This document explains how to install DC/OS 1.10 using the Azure Resource Manager templates.

Tip: To get support on Azure Marketplace-related questions, join the Azure Marketplace Slack community.

Important: Upgrades are not supported with this installation method.

System requirements


To use all of the services offered in DC/OS, you should choose at least five Mesos Agents using Standard_D2 Virtual Machines, which is the default size in the DC/OS Azure Marketplace offering.

Selecting smaller-sized VMs is not recommended, and selecting fewer VMs will likely cause certain resource-intensive services such as distributed datastores not to work properly (from installation issues to operational limitations).


You will need an active Azure subscription to install DC/OS via the Azure Marketplace.

Also, to access nodes in the DC/OS cluster you will need ssh installed and configured.

Install DC/OS

Step 1: Deploying the template

To install DC/OS 1.10 on Azure, use the Azure Resource Manager templates provided.

Some notes of the template configuration is below,

  • Choose East US as the Location, because some resources of the template may not available in other location.
  • Set Oauth Enabled to true if you want to sign in the DC/OS Dashboard through OAuth.
  • Fill up the Agent Endpoint DNS Name Prefix and Master Endpoint DNS Name Prefix.
  • Enter your Ssh RSA Public Key.

Step 2: Accessing DC/OS

First, look up MASTERFQDN in the outputs of the deployment. To find that, click on the link under Last deployment (which is 4/15/2016 (Succeeded) here) and you should see this:

Deployment history

Click on the latest deployment and copy the value of MASTERFQDN in the Outputs section:

Deployment output

Use the value of MASTERFQDN you found in the Outputs section in the previous step, and we will use it in the following step.

Because of security considerations, you can not visit the DC/OS Dashboard in Azure directly by default. Here, we provide two ways to work around. Please find your case below,

Case 1:

In order to visit the the DC/OS Dashboard, we will need to access the TCP port 80 or 443 of the master node. You can add an inbound security rule and an inbound NAT rule.

Find the network security group resource of the master node,

Resource - Master Node Network Security Group

Click on the “Inbound security rules” tab on the left side,

Inbound Security Rules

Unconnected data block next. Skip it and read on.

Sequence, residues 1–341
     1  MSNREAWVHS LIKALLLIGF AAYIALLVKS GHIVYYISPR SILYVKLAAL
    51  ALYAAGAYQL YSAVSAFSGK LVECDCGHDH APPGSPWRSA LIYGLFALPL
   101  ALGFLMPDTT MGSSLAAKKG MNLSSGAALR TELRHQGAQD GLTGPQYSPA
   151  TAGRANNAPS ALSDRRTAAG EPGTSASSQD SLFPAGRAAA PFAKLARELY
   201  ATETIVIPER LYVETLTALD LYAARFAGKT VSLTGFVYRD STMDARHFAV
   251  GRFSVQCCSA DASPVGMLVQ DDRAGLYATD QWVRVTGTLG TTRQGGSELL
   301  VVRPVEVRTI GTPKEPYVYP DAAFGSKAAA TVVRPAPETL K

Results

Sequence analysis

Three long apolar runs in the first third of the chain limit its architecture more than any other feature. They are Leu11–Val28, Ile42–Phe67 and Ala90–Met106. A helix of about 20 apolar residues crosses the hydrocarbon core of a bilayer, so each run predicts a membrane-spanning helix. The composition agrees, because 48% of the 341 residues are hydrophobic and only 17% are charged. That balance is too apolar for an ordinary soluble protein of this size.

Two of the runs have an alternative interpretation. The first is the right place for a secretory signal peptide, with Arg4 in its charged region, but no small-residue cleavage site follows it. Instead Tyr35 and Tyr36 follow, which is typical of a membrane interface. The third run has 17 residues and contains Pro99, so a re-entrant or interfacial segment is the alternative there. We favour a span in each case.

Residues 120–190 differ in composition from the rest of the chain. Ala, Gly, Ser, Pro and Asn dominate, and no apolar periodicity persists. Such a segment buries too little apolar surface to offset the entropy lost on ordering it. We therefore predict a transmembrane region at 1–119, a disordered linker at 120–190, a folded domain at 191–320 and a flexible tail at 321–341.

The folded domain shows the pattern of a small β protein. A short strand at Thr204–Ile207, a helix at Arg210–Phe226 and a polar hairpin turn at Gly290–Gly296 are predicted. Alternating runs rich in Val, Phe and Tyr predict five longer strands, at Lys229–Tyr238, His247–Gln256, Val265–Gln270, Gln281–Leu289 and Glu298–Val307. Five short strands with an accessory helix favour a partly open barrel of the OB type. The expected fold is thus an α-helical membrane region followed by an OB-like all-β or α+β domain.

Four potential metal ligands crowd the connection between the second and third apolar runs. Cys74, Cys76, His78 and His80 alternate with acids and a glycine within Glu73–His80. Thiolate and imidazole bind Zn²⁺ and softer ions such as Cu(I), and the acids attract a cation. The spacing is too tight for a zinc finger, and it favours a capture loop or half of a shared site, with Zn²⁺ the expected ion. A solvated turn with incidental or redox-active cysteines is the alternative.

Add an inbound security rule.

Add Inbound Security Rules

Find the load balancer resource of the master node,

Resource - Master Node Load balancer

Click on the “Inbound NAT rules” tab on the left side,

Inbound NAT Rules

Add an inbound NAT rule.

Add Inbound NAT Rules

Now you can visit http://$MASTERFQDN and view the DC/OS Dashboard.

Case 2: Using ssh tunnel

In this case, we need to setup a ssh tunnel, to forward TCP port 80 of the master node on the azure to the 8000 port of your local machine.

Use the value of MASTERFQDN you found in the previous step and paste it in the following command:

ssh [email protected]$MASTERFQDN -L 8000:localhost:80

For example, in my case:

ssh [email protected] -L 8000:localhost:80

Now you can visit http://localhost:8000 on your local machine and view the DC/OS Dashboard.

DC/OS dashboard


Some caveats around SSH access:

  • For connections to http://localhost:8000 to work, the SSH command must be run on your local machine, and not inside a Virtual Machine.
  • In the example above, port 8000 is assumed to be available on your local machine.
  • The SSH commands shown only work on Mac or Linux. For Windows use Putty with a similar port-forwarding configuration, see also How to Use SSH with Windows on Azure.
  • If you want to learn more about SSH key generation check out this GitHub tutorial.

The DC/OS UI will not show the correct IP address or CLI install commands when connected by using an SSH tunnel.


The following commands can be used to run the DC/OS CLI directly on the master node:

# Connect to master node with ssh
ssh [email protected]$MASTERFQDN

# Install CLI on the master node and configure with http://localhost
curl -o dcos &&
sudo mv dcos /usr/local/bin &&
sudo chmod +x /usr/local/bin/dcos &&
dcos cluster setup http://localhost &&

# Now you can use the DC/OS CLI:
dcos package search

Tear down the DC/OS cluster

If you’ve created a new resource group in the deployment step, it is as easy as this to tear down the cluster and release all of the resources: just delete the resource group. If you have deployed the cluster into an existing resource group, you’ll need to identify all resources that belong to the DC/OS cluster and manually delete them.

Next steps